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Mon, 15 Feb 2010 12:11:51 EST by admin, 110543 views
Language and Literature paper by Várdy, Huszár Ágnes (all papers)
Hungarian-American Literature in the Age of Dualism and the Interwar Years
During the four decades before World War I nearly two million Hungarian citizens, among them about 650,000 Magyars, emigrated to the United States. They were part of the so-called “great economic immigration” whose members left their homeland in search of a more promising future. Although often mistreated and exploited at home, upon arrival they soon developed a keen longing for their homeland. This longing became one of the main features of their cultural activities and of their literature. The other dominant feature of that literature was the description of the harshness of life in the coal mines, steel plants, and smoke-belching factories of America, including the frequent industrial accidents that resulted in the death of hundreds of immigrants every year.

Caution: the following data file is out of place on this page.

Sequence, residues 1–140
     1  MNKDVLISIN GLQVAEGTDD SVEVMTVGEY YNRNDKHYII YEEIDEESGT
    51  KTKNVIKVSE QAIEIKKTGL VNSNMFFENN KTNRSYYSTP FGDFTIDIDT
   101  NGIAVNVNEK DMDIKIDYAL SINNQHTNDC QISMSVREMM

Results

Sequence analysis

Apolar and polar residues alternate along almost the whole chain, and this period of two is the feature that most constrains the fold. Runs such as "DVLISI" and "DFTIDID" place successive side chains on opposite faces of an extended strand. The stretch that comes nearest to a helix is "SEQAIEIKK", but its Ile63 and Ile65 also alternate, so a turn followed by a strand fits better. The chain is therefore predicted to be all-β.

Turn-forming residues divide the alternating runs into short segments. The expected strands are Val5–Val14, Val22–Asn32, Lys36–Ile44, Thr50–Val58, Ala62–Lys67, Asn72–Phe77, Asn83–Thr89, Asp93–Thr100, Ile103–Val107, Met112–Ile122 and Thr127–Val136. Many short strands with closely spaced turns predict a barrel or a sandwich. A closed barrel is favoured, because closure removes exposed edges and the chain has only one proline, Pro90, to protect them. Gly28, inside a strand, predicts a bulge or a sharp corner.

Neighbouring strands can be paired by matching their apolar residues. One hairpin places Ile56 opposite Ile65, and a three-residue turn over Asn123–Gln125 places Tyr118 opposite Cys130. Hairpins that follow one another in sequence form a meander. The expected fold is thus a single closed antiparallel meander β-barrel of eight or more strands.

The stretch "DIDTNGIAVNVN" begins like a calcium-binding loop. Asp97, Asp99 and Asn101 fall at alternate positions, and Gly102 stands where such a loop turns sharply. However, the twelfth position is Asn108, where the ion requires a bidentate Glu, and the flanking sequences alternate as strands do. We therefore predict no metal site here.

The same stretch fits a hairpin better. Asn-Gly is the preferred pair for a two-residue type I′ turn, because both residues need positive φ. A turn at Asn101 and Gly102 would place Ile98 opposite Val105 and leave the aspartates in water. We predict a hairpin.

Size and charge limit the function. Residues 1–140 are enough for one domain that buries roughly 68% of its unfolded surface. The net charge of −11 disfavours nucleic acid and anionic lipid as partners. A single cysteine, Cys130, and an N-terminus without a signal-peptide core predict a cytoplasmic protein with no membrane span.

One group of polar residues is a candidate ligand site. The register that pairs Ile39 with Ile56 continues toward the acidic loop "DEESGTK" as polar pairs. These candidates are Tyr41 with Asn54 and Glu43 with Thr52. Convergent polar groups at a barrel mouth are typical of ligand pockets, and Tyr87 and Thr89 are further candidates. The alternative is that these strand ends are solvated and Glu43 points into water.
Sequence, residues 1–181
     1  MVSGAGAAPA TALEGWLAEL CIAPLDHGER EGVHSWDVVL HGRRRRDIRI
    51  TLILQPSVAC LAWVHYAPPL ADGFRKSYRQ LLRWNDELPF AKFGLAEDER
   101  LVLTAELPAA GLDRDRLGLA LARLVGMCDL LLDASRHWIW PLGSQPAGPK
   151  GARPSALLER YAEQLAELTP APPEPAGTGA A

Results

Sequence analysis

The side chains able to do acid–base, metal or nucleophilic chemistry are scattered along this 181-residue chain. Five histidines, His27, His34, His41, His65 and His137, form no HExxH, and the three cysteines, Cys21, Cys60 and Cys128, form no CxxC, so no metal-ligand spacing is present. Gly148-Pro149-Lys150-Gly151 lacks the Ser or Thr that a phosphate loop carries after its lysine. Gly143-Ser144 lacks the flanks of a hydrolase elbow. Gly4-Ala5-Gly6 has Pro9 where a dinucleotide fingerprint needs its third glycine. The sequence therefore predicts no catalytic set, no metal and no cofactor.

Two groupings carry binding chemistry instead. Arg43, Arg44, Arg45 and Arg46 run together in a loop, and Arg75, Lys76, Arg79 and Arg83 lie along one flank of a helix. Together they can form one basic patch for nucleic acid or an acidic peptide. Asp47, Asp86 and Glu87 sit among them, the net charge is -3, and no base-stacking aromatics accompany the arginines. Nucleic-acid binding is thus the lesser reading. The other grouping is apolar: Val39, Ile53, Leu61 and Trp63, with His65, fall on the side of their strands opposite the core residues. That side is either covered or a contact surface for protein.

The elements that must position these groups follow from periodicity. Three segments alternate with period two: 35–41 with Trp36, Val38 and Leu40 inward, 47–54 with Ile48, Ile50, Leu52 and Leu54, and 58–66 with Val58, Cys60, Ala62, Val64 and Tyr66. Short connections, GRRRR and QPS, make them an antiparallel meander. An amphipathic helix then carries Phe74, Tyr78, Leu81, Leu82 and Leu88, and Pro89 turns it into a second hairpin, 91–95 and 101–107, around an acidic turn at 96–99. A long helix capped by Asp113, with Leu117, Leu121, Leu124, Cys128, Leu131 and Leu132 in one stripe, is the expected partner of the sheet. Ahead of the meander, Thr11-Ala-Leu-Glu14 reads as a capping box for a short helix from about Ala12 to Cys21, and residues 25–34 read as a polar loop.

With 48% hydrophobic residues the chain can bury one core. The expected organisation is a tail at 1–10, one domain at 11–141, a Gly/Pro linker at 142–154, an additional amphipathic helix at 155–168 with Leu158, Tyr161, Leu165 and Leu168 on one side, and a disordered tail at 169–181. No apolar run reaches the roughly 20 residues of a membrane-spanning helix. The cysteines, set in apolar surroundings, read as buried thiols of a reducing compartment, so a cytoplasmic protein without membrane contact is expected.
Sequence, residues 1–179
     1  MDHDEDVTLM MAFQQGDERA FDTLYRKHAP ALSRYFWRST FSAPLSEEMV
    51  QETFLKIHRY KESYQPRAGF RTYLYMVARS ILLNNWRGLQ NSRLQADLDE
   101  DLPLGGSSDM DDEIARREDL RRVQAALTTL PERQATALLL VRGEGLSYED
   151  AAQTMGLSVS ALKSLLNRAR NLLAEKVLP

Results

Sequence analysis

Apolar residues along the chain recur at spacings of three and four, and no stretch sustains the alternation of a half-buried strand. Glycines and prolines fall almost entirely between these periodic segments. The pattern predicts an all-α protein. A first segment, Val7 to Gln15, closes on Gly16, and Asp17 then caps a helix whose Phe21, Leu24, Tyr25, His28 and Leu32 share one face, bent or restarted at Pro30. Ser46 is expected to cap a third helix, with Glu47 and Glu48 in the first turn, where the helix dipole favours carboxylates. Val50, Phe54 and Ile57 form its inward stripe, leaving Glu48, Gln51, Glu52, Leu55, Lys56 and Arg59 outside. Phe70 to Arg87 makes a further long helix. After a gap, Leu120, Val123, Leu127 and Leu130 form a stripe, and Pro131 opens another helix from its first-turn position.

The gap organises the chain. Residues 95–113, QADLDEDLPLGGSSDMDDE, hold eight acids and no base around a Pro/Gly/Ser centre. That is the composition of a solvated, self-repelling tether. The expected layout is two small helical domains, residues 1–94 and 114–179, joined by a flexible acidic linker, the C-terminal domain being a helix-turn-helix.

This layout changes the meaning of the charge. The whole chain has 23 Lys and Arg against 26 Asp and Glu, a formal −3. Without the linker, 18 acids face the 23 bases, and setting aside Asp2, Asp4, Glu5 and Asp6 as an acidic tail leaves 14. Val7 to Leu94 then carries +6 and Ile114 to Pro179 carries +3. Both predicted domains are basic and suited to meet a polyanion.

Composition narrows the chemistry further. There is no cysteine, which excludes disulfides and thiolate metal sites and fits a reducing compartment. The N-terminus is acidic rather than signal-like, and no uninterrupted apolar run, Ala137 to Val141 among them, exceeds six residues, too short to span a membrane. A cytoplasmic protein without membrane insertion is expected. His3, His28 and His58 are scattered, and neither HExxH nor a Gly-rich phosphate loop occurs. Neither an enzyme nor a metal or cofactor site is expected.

This Hungarian-American poetry was not a high quality literature, but it was close to the immigrants. It expressed in a simple way their pains and sufferings, as well as their hopes for a better future. Most of these poets -- whose life was equally harsh -- continued to write even in the period between the two world wars. But after the First World War their original themes were joined by the pain they felt at Hungary’s dismemberment and of the transfer of their immediate homelands and villages to the newly created “successor states” created by the Treaty of Trianon. This poetry of interwar years is filled with the bemoaning of this dismemberment, which they viewed as a national tragedy on par with the consequences of the Battle of Mohács in 1526.
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